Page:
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We tested Petrie and Greenleaf’s psychosocial model in relation to male athletes’ bulimic symptomatology. Through structural equation modeling, we cross-sectionally examined the direct and indirect effects of general and sport-specific appearance pressures, internalization, body satisfaction, drive for muscularity, negative affect, and dietary restraint on bulimic symptomatology. Participants were U.S. male collegiate athletes (N = 698; Mage = 19.87 years) representing 17 sports. With minor respecifications, the model had acceptable fit, and the psychosocial variables explained 48% of the bulimic symptomatology variance. Although all variable paths were significant, sport pressures, such as from coaches and teammates about weight, importance of appearance, and looking good in a uniform, were the most salient latent variable. Athletes’ engagement in muscle-building behaviors added uniquely and substantively as well. Our analysis begins to clarify the complex interactions among these psychosocial variables in understanding male athletes’ bulimic symptomatology and provides a base from which to develop prevention programming.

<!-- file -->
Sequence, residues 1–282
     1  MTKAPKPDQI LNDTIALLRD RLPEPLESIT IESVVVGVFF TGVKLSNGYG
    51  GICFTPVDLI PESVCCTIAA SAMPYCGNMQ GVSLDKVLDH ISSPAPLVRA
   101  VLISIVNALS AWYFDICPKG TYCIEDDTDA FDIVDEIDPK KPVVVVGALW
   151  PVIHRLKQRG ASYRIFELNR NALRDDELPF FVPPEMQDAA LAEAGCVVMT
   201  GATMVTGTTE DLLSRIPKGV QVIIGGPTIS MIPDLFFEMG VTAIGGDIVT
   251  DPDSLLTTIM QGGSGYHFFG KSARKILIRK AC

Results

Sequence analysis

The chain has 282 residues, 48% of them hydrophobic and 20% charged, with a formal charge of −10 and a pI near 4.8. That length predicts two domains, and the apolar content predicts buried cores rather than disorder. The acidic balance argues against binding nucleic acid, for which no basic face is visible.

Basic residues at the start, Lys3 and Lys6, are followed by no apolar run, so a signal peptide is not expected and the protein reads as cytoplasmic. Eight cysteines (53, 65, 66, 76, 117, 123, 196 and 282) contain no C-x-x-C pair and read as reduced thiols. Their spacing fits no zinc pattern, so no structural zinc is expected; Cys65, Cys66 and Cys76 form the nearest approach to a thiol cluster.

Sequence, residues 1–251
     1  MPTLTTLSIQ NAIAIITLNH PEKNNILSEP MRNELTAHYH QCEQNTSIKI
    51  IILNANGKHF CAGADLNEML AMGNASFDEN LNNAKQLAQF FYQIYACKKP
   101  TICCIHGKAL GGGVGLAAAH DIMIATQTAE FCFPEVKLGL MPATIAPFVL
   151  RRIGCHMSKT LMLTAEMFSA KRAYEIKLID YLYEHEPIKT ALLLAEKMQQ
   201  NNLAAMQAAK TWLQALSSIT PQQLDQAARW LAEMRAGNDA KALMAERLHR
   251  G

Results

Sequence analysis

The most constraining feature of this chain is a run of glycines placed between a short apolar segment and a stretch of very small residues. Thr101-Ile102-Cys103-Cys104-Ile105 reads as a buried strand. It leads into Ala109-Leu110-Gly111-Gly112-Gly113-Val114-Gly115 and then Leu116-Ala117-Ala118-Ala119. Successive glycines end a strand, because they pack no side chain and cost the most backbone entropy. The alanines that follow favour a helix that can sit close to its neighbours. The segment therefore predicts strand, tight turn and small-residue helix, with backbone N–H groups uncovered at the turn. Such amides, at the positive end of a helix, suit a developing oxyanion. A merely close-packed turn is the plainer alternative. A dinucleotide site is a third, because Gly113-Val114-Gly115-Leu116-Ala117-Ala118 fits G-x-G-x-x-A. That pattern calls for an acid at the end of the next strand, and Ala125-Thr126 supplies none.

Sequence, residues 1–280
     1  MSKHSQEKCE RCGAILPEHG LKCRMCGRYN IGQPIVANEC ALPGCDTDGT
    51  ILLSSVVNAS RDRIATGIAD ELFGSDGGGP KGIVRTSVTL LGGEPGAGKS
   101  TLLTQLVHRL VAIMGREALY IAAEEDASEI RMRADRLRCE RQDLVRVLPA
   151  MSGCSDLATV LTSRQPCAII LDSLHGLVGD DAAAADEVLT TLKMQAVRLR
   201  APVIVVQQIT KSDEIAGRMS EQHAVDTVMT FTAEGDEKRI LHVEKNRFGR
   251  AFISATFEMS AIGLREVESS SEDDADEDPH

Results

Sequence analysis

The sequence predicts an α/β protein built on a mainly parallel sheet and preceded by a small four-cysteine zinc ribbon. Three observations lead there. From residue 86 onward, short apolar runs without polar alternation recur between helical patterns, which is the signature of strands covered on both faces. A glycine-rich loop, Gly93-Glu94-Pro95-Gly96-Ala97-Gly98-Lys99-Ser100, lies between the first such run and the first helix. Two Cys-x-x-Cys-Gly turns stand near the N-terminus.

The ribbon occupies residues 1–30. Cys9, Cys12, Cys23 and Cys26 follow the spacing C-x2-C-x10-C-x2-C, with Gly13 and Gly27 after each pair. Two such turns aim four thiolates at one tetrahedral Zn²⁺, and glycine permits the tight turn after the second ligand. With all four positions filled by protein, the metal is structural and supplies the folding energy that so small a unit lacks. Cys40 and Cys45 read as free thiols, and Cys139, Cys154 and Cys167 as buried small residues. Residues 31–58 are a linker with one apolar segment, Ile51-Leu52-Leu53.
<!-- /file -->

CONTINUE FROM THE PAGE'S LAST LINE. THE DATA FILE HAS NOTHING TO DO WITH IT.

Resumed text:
Justine Chatterton, Trent A. Petrie, Keke L. Schuler, and Camilo Ruggero are with the Department of Psychology, University of North Texas, Denton, TX.